One of the things that keeps wooden buildings standing is the structural over design used since the material have rather large variation in strength. If you go to higher grades of lumber the allowable loads increase since the material is more uniform.
Steel nails are very malleable.
If overloaded they will bend without breaking.
Not so with hardened screws.
The load bearing rating of nails depends on the species and grade of lumber they are driven into, as well as depth and nail size.
Generous margins are still required since a nail could be adjacent to the largest defect allowed in a grade of wood.
Determining nailing schedules for 'designed' connections takes a decent amount of time.
Loads must be accurately computed, then summed for the member, then enough fasteners of the correct size placed to provide a secure long term joint in the specified materials.
After you run through it a couple times you start to keep a 'cheat sheet' that summarizes things so you do not have to drag out all the standards over and over.
Are you suggesting that the shear values shown in GA-229 are fictitious?
The tested shear values of structural shear walls made with gypsum panels are accepted in all model building codes but the values are usually reduced by 50% for seismic zones 3 & 4 which is much of the western third of the US.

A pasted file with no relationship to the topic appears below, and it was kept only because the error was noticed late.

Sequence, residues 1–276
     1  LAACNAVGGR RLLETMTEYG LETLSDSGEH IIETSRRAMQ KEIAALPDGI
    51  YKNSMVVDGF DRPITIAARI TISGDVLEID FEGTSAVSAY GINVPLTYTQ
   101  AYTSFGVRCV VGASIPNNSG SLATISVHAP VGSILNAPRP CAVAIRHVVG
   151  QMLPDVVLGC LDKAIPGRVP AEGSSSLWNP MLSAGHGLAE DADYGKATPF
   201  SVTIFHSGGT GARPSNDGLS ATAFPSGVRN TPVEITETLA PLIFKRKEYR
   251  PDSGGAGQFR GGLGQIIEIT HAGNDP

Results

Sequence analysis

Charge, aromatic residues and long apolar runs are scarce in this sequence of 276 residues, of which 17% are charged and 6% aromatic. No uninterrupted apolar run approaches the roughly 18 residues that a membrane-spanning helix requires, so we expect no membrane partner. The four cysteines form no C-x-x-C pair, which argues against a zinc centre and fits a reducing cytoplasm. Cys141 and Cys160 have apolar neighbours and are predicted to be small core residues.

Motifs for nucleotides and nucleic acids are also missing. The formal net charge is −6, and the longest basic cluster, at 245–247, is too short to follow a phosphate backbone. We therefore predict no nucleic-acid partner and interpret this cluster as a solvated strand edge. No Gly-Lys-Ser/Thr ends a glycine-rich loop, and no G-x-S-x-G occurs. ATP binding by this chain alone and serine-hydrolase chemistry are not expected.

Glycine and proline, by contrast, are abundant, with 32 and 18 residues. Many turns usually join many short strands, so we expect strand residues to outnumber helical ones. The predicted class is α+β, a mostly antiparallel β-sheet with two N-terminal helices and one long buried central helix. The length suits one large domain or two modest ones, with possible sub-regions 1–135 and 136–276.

The link below shows some general capacities for different shear wall sheathing materials. The values for gypsum board shear walls are increased when drywall screws are used.
Here is a link that might be useful: different kinds of structural shear wall materials
"Are you suggesting that the shear values shown in GA-229 are fictitious?"
Yes, as a matter of fact they are.
The code is a minimum, and as a PE I do not and will not rely on gypsum for ANY shear rating.
When you can pull the stuff off with your bare hands and very little effort, it is not worth trying to claim it has any significant shear strength.
The question was:
"Is there anything in most building codes about using ... sheetrock screws... for structural applications?"
I gave him what I thought was an accurate answer.
What you wish to use or not use professionally doesn't make my answer inaccurate.
Being a PE doesn't give you the right to be disrespectful of others. I had the same engineering education specializing in structures and went on to get a Masters in Architecture. I hope that permits me to answer questions here.
Never said you could not answer questions, but picking a single (and poor) use of drywall screws to anchor drywall resulting in limited structural use is at best very misleading.